Sisterness and Work
Contact: Justine Maloney, Employment & Economic Development director
Sisterness and Work is a grassroots initiative that:
- Connect with Indigenous women in communities across the province,
- Learn about immediate challenges and opportunities, and
- Explore with Indigenous women how best to build paths that connect them to the economy in meaningful ways aligned with their culture and their role in their respective communities and families.
Indigenous women and girls are among the most vulnerable populations impacted by poverty and economic exclusion, whether they reside in our First Nation Communities or in mainstream communities. The work of the Truth and Reconciliation Commission, two National Round-tables on Murdered and Missing Indigenous Women and Girls in 2015 and 2016, and the knowledge emerging from the National Inquiry into Missing and Murdered Indigenous Women and Girls amply demonstrate the linkages between economic opportunity and safety.
In 2016, Provinces and Territories made the commitment to explore development of an economic action plan to support better outcomes for Indigenous women and girls, which has met with limited progress. Poverty is implicated in a range of co-occurring challenges facing Indigenous women and girls, including mental health impacts and entanglements in other dynamics of harm including involvement with mental health, child welfare and justice systems.
Canada’s recently released poverty Reduction Strategy offers a compelling analysis of the unique circumstances of poverty in Indigenous communities, linking it directly to Canada’s colonial history and government policies and actions that perpetuated economic exclusion and a lowered standard of living and marginalization over many years. Provincial and municipal governments have played a contributing role in this dark history. This history matters deeply in how a supportive response to poverty is approached, and requires an embrace of empowerment, capacity building and a focus on community well-being and culturally grounded supports.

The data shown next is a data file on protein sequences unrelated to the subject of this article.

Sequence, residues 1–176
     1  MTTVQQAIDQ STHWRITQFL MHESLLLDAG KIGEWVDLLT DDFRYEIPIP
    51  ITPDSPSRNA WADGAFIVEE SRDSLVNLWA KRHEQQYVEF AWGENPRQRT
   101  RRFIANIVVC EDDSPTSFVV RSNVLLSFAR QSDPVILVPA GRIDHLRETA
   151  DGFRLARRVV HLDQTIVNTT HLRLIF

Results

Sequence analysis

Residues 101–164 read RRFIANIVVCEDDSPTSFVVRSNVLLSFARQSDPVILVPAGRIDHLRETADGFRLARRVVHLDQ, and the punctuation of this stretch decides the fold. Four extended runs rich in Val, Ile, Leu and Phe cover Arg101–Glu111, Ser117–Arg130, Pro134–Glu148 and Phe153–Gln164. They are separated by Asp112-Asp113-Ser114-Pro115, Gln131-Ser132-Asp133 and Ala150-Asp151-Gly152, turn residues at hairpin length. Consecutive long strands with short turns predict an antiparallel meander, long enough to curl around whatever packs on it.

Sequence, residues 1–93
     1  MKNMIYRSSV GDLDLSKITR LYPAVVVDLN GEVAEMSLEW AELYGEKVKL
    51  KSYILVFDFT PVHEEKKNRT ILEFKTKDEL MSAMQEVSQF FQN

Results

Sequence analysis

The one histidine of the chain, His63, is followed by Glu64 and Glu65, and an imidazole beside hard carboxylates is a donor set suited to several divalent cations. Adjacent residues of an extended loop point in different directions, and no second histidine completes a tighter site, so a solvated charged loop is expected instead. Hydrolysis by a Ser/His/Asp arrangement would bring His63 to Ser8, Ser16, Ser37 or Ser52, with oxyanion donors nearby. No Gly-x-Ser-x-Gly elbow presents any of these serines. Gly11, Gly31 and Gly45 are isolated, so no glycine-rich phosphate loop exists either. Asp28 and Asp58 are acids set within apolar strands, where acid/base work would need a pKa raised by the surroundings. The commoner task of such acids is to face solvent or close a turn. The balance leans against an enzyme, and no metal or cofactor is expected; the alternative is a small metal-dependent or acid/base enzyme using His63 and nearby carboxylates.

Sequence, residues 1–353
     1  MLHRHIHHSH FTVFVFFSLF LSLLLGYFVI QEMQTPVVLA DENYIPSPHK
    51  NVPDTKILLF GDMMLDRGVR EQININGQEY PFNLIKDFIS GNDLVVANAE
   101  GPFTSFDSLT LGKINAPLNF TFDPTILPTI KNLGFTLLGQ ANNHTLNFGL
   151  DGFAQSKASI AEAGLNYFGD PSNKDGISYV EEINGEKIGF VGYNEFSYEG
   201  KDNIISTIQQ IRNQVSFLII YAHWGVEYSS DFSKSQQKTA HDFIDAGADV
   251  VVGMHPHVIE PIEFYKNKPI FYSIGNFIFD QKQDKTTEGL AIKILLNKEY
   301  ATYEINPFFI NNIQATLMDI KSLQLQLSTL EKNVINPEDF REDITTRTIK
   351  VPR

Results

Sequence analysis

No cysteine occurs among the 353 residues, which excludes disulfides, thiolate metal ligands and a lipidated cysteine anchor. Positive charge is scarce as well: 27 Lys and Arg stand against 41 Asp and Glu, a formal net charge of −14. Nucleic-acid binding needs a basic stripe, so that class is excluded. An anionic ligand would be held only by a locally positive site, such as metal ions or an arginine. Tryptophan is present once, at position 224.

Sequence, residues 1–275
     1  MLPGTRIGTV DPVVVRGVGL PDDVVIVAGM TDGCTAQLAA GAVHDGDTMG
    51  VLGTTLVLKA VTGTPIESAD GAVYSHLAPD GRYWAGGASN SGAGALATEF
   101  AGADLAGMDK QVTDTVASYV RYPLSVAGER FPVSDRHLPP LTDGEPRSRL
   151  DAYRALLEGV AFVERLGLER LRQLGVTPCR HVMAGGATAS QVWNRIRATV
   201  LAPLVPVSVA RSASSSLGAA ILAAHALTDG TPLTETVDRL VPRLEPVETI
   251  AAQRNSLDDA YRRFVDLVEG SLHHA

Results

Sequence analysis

Aligned with this frame of reference is the importance of applying a gender lens to understanding the nature of poverty for Indigenous women and girls and how this fact aligns with the realities that women are more likely than men to exist in situations of precarious employment or marginal connections to the economy, and with heightened risk of gender based violence. Poverty impacting Indigenous women also impacts Indigenous children as a large percentage of Indigenous families are in fact mother- led families, and so there is a generational harm, which functions to perpetuate the economic exclusion and marginalization even as our current policies have shifted to those offering support and reconciliation.
There is an opportunity, through Poverty Reduction to collaboratively examine what pathways to enhanced economic security might look like from the perspective of Indigenous women themselves.